Bay Area Tech Exports Poised for 20% Spike to $30 Billion by 2016

June 18th, 2014
in econ_news, syndication

from HSBC

Projected U.S. trade growth and the growing importance of technology exports should lead to a significant spike in Bay Area technology export activity, according to new research out today from the Bay Area Council Economic Institute (BACEI), sponsored by HSBC. The report predicts a rise of as much as 20 percent to around $30 billion by the end of 2016, from almost $25 billion last year. The projected increase will provide increased expansion opportunities for businesses involved in this vital sector, with exports currently supporting some 378,000 jobs in the region.

Follow up:

According to the research, projected Bay Area growth is also linked to the rising importance of China's currency, the renminbi (RMB), in global commerce. American firms report becoming increasingly at ease with settling cross-border trades in RMB, with the Bay Area at the forefront of this trend due the region’s strong Chinese business and cultural ties. In 2013, two-way trade between California and China totaled over $146 billion and the state currently attracts more Chinese investment in technology than any other, with over a third (35 percent) directed toward the Bay Area. For the U.S. as a whole, Chinese foreign direct investment has broken new records each year since 2009, increasing from $5.8 billion in 2010 to $6.7 billion in 2012. Says Sean Randolph, President and CEO of the Bay Area Council Economic Institute and author of the report:

Innovation, ingenuity and risk-taking are the foundation of the Bay Area-Silicon Valley economy and position the region for tremendous growth as cutting-edge technology becomes the American export of the future. Trade in the Bay Area: Investment and Global Financial Flows. “This, in combination with our close ties to China and the rest of Asia, as well as the internationalization of the Chinese currency, makes it an exciting time to live and work in the Bay Area.

The BACEI report will be discussed at today's HSBC Made For Trade Bay Area – ‘Financing the Future’ event. This is the third official stop of the Made For Trade tour, which launched in Los Angeles in March before moving on to Houston. It will make an additional stop next month in Chicago before culminating this October in Washington, D.C. Speakers at today's event include: San Francisco Mayor Edwin M. Lee, Deputy Assistant Secretary Ted Dean of the U.S. Department of Commerce, International Trade Administration, Bay Area Council CEO Jim Wunderman, Xia Xiang of the People’s Republic of China’s Consulate in San Francisco, Steve Bottomley, Head of Commercial Banking North America, HSBC Bank USA, N.A., and Marlon Young, Chief Executive Officer, HSBC Private Bank, Americas; plus senior representatives of LinkedIn, Matson, Inc., Levi Strauss & Co. and Cisco Systems, Inc. Said San Francisco Mayor Edwin M. Lee:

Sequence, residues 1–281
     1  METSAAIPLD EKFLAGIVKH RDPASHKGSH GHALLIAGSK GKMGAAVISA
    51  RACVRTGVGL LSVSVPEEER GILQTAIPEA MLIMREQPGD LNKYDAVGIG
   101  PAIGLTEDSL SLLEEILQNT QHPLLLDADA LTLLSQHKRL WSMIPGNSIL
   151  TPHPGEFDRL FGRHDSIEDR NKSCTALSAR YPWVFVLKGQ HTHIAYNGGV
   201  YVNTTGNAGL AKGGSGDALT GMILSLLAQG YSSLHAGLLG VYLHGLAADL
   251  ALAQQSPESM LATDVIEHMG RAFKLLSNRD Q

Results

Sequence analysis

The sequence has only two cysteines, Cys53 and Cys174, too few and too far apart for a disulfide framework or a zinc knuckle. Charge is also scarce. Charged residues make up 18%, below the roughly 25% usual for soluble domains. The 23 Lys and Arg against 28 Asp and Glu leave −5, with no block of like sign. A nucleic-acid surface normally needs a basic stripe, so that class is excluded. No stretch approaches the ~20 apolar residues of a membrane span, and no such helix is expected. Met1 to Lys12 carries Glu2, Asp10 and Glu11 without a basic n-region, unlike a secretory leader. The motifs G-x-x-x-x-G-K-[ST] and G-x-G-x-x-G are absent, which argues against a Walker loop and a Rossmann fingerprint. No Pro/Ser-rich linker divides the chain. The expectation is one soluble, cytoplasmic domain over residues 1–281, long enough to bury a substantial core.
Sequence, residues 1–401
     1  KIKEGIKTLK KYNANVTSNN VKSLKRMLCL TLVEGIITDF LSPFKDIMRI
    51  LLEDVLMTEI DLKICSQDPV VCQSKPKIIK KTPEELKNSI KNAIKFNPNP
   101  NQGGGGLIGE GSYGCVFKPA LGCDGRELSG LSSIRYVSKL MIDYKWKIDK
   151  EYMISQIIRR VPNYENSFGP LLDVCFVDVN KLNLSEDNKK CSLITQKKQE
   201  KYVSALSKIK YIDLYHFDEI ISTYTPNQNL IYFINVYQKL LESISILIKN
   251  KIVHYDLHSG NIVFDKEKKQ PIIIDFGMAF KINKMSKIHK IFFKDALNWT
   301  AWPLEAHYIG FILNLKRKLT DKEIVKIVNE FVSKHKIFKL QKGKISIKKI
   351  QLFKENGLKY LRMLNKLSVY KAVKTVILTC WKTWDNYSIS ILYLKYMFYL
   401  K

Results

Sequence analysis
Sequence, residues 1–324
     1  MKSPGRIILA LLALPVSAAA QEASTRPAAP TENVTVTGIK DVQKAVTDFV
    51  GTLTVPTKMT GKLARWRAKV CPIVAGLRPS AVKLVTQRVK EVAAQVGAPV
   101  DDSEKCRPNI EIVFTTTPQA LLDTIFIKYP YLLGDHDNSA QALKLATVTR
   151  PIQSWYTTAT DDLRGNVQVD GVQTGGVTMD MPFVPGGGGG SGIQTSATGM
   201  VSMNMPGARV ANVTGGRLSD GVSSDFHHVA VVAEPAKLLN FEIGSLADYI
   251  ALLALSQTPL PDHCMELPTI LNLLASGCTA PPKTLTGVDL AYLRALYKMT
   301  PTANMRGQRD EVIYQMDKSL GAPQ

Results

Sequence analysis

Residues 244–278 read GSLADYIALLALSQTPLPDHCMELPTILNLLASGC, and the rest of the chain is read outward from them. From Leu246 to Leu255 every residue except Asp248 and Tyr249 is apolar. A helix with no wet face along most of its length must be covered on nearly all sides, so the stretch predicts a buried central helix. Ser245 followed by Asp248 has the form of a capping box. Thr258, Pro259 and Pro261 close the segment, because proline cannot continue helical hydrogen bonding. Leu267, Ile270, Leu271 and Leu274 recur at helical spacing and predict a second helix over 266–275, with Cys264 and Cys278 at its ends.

San Francisco is the Innovation Capital of the World and the gateway to the Pacific Rim, making our City a dynamic and thriving hub for international trade and commerce. That’s why I’m pleased to be a part of HSBC Made For Trade Bay Area to highlight San Francisco’s important and leading role in the global market place, today and in the future.”

Per said Arjan van den Berkmortel, Managing Director, Corporate Banking West Coast, HSBC Bank USA, N.A.:

San Francisco is truly an international city, and the flow of goods throughout the Bay Area is a natural extension of its economic culture. We opened our first U.S. office here nearly 150 years ago, and as we look at the future of global trade, it's exciting to see how well positioned San Francisco and the surrounding areas are for continued growth. As the leading bank for international trade, HSBC looks forward to helping Bay Area businesses continue to push the limits of borders.”









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